It is hard to overstate how conclusively ineffectual global efforts to tackle climate change have been and continue to be. It was towards the end of the 1980s when many say climate change finally entered the limelight for the first time. It started in 1988 when the Director of NASA's Institute for Space Studies stood before a Senate committee on energy and natural resources and warned of the devastating effect of greenhouse gases and their effects on global temperature and climate change. If sources are to be believed Dr James Hansen sparked quite a collective furore across America that crossed party lines and united America. The bipartisan way that climate change was introduced to the public meant that it could be portrayed as yet another problem that America and America alone could solve, indeed, had to solve for the sake of the world (even if America itself was the largest responsible party).
Not too long after, America rallied the world in an effort that would eventually produce the Paris Treaty that would in theory limit carbon emissions. As a broad base issue with many facets, the terms of the treaty were left deliberately loose and more importantly non-binding. A general goal was given to limit the future temperate increase (which was considered inevitable by that point) to two degrees celsius. Additionally, countries could then set their own additional goals, guidelines and timelines for achieving these targets. From the onset, it was noted that the carbon emission goals were not exactly ambitious. Indeed they may have been made deliberately achievable to at the very least, kick off the effort without significantly compromising or inconveniencing the industrial capability of any nation. It was hoped that the climate conversation would evolve over the years as nations transitioned down the admittedly difficult task of changing how a modern nation operates and pollutes. An admirable hope no doubt but not one that would be fulfilled in any sense of the word.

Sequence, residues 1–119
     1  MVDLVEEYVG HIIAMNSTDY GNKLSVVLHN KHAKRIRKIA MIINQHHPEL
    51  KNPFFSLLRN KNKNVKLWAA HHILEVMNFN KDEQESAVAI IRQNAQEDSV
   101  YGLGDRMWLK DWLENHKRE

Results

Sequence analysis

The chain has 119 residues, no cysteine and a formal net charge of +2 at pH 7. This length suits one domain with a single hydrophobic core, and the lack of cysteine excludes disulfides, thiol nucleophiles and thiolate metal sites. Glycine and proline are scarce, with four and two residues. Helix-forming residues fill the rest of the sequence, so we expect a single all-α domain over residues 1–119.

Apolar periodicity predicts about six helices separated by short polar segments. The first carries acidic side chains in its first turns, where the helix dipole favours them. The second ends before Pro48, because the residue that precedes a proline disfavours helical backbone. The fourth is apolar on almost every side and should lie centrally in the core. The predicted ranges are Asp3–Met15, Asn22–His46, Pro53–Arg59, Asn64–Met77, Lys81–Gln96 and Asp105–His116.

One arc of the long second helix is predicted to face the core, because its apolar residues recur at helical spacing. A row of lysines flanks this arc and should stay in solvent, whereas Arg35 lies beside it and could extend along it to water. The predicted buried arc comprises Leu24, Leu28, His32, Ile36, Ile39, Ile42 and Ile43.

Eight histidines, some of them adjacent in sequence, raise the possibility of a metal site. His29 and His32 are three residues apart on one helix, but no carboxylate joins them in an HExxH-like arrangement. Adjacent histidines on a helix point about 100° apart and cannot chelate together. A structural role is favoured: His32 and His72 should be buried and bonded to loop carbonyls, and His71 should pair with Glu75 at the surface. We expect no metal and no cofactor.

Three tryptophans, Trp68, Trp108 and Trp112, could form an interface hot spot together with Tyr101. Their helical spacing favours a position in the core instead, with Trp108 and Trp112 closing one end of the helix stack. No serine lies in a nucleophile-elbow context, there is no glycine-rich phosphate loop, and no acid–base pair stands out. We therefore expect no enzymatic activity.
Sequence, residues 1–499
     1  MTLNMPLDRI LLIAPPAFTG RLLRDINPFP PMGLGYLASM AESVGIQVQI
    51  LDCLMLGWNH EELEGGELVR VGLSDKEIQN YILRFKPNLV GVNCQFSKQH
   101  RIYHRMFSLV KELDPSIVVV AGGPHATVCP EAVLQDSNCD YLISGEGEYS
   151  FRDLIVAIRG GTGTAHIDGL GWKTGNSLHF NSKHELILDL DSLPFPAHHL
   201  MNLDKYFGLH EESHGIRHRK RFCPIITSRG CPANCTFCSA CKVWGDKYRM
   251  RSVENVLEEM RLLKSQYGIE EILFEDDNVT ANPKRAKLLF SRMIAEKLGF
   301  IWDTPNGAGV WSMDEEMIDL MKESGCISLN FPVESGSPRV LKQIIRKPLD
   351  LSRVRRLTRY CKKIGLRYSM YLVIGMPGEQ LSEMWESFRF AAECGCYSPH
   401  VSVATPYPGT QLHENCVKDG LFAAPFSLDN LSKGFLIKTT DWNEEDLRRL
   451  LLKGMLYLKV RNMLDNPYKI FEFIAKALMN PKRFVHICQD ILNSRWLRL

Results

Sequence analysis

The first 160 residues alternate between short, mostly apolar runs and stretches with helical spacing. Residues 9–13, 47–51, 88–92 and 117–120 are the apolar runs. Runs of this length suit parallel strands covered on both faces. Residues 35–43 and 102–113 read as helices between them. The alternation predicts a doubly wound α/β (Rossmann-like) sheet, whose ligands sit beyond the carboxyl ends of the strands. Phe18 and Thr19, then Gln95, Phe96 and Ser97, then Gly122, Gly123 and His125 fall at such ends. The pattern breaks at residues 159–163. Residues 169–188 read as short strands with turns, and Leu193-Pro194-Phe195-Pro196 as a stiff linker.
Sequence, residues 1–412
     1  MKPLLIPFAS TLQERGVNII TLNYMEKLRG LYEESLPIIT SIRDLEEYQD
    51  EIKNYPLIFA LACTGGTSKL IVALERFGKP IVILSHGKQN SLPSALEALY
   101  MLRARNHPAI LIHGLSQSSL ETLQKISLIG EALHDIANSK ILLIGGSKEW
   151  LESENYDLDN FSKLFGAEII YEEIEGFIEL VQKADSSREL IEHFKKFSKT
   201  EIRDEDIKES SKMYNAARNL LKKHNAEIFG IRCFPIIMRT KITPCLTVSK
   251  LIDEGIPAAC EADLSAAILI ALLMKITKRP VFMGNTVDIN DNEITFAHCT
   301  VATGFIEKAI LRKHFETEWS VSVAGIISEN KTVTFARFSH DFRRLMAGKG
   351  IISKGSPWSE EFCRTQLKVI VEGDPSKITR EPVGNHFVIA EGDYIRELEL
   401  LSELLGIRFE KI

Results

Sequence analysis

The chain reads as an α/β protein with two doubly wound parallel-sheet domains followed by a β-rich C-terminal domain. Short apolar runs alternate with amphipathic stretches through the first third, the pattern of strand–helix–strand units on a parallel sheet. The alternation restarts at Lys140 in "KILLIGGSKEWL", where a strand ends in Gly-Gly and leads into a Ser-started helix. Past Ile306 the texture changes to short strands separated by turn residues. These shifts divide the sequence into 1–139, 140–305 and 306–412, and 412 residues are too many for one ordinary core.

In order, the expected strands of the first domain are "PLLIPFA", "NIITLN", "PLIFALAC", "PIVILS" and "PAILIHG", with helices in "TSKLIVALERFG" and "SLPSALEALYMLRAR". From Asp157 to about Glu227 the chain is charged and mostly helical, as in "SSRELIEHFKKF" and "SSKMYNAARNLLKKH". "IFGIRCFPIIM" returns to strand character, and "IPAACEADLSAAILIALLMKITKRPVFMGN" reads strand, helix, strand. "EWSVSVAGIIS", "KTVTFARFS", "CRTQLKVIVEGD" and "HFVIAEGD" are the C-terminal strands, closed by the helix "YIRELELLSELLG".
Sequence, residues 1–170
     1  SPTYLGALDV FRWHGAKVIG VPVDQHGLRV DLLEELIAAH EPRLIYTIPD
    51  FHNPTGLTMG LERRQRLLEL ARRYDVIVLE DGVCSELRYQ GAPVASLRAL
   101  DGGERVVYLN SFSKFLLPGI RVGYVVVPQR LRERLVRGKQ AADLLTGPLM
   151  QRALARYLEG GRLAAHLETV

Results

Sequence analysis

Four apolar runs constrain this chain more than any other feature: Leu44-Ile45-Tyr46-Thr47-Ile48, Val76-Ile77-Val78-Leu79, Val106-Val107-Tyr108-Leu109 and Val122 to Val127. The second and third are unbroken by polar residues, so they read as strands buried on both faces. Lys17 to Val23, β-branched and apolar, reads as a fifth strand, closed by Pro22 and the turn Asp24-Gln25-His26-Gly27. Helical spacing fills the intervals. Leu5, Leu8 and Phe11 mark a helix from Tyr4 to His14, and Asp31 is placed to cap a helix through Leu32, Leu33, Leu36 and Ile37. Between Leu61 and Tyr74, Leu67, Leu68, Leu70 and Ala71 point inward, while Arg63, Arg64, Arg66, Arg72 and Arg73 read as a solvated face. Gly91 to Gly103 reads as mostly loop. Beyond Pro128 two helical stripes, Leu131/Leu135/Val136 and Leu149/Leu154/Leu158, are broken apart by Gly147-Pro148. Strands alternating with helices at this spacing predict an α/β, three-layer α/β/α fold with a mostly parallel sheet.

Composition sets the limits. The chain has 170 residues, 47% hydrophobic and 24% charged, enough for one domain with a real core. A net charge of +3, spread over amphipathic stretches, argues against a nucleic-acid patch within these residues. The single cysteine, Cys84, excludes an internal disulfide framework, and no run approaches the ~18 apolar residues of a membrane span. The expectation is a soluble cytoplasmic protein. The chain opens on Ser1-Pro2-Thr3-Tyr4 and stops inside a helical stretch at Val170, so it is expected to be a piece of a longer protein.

Indeed, as the science behind climate change becomes more certain about the facts, it is the political will of nations which is attempting to pull away. In the US for instance, despite a bipartisan start, climate change quickly became a political topic with specific policy implications. Climate change sceptics questioned the science and labelled the whole thing as 'anti-industry' and even 'anti-American'. President Trump is known to have even famously called climate change a Chinese hoax to make American companies less competitive abroad. It is an unfortunate fact that no single major industrial power is close to fulfilling its commitments under the Paris Treaty, with one notable exception.
For the past few years, several think tanks globally have noted that India is likely the only G20 country actually on track to achieving what it had promised on the world stage in 2015 in regards to carbon emission goals. The recently released 2020 Climate Transparency Report confirmed as such, stating that India was making 'fair' progress towards achieving its goal of limiting global warming to two degrees. In particular, India's large scale efforts to switch to renewable energy sources such as solar power has been particularly praised as an example to the world. It is worth noting that no country is closer to the revised 1.5 degrees Celsius target that was set later. Still, India's efforts shine a beacon of hope on an endeavour that has otherwise looked dead on arrival for the past three decades.